Even so, given the circumstances, the main semiconductor manufacturers have confessed that they are doing everything in their power to increase production within the moderate margin of maneuver they have. The strategy that GlobalFoundries is using illustrates beautifully how complex this landscape is. And it is that this company has asked its engineers to implement any strategy that allows them to increase production, even if it is minimally.
What has transpired is that two of the measures that have been introduced in the production chain consist of deferring some maintenance tasks of the equipment and accelerating the movement of wafers through the manufacturing lines. The profit is small, but under the circumstances this is better than nothing. Although this strategy is limited to GlobalFoundries’ factories in the United States, Germany and Singapore, there is no doubt that the other semiconductor manufacturers are pursuing a similar policy.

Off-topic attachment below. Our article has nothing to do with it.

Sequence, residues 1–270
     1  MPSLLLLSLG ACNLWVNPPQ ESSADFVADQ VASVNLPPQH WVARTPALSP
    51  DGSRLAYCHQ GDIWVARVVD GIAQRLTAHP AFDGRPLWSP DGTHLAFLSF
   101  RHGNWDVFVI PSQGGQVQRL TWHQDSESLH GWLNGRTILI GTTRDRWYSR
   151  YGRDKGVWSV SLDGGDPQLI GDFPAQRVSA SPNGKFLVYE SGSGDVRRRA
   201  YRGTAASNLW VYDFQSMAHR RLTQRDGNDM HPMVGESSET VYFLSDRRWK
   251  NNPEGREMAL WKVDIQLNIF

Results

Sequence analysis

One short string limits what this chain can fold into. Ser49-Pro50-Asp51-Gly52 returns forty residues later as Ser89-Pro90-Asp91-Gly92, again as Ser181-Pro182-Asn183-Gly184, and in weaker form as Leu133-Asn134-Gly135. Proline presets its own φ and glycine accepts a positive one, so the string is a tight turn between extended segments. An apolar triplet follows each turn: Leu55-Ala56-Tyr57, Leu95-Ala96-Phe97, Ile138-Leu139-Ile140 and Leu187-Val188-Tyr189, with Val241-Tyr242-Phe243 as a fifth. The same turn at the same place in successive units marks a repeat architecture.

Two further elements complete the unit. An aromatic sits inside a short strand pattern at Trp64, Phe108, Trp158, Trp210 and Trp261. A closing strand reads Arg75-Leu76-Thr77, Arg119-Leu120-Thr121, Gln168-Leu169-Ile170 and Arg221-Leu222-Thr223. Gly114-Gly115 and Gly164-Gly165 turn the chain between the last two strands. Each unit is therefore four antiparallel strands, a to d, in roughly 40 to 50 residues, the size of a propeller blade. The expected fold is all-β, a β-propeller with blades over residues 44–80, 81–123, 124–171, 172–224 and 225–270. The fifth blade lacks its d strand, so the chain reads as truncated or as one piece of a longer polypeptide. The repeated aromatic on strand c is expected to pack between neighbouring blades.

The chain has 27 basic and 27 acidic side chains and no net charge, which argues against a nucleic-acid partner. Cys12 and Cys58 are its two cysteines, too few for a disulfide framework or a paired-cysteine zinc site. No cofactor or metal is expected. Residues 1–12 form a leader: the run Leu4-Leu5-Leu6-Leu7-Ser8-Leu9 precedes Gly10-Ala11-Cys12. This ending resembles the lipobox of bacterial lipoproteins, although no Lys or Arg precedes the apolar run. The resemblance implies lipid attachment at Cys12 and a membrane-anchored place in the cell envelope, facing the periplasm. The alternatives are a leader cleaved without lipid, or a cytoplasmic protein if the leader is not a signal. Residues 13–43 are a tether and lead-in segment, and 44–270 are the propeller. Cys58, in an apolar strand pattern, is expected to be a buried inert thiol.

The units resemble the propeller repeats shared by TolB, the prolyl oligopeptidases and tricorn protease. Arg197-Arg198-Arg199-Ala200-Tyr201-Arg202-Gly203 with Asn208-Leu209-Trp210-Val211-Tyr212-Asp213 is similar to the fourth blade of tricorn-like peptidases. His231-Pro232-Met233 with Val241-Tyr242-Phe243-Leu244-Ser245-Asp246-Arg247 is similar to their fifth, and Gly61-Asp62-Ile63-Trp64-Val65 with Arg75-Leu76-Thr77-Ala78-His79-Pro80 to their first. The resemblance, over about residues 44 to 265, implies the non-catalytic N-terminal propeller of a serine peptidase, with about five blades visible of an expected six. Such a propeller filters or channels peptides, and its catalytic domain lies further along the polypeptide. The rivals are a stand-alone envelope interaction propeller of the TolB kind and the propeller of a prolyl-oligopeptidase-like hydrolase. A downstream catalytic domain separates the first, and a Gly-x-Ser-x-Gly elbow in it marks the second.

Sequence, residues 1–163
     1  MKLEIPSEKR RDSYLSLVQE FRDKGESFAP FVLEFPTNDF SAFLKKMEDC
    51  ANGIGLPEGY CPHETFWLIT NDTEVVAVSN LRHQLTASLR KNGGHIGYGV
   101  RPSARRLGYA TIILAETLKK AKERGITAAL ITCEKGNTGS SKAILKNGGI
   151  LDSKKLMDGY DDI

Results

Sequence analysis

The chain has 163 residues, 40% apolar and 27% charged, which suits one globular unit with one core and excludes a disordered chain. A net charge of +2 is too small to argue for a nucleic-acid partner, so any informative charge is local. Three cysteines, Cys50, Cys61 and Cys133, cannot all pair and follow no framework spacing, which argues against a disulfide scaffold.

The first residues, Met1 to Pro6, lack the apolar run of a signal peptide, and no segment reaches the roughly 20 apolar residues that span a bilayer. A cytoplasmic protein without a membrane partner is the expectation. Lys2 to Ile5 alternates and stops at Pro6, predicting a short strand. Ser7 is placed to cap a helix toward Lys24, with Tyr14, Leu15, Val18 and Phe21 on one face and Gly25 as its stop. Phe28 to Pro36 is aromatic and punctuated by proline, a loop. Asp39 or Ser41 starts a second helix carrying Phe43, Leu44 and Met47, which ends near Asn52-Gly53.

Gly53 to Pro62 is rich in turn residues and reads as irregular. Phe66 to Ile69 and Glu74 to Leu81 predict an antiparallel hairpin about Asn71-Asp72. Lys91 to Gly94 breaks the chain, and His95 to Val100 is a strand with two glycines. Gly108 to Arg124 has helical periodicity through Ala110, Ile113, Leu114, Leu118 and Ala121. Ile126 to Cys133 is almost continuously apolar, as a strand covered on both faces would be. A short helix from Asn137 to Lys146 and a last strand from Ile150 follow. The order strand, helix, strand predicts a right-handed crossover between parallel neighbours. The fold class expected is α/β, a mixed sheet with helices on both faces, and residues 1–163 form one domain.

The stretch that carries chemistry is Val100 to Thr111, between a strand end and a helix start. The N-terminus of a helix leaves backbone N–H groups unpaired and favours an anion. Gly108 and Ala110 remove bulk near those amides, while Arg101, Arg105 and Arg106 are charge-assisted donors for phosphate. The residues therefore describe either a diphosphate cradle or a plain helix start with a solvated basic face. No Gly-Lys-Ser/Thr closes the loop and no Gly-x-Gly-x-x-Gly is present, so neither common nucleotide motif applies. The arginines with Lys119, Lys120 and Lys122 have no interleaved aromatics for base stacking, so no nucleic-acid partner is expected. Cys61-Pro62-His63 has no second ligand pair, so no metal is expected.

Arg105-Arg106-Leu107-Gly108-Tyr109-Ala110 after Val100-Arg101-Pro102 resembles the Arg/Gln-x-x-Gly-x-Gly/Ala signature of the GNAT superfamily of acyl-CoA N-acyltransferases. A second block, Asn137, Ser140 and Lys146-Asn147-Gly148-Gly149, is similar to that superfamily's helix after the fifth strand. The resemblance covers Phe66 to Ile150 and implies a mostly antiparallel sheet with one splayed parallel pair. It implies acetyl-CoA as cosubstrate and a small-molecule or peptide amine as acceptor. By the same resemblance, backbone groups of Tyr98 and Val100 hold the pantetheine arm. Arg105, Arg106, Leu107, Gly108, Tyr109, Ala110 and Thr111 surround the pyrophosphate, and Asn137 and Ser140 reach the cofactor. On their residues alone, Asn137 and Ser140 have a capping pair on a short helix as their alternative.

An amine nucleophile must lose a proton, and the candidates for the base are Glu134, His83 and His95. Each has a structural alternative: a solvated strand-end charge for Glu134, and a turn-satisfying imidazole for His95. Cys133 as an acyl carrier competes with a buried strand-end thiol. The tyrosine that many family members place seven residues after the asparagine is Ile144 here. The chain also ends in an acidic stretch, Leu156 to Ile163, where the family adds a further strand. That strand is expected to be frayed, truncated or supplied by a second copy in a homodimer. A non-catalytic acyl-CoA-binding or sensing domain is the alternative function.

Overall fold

But this is not all. As might be expected, this context has caused integrated circuit manufacturers to prioritize the production of those chips that provide them the most benefits, which are usually the most advanced because they have a higher marketing price. And this philosophy has had a negative impact on the production of integrated circuits that are manufactured in veteran technological nodes, which usually feed such demanding industries as the automotive industry or household appliances, among others.
This is precisely the strategy that has caused, as I mentioned in the first paragraphs of this article, that Toyota and General Motors, and probably many more brands, have been forced to reduce production in some of their factories. And it has had consequences. Car manufacturers have complained to their governments, and the weight that this industrial activity has in the global economy has caused the United States, Germany and Japan, which are the three countries that make the most cars, to put pressure on Asian semiconductor manufacturers, and especially to TSMC and Samsung, to give priority to the production of the chips required by the automotive industry.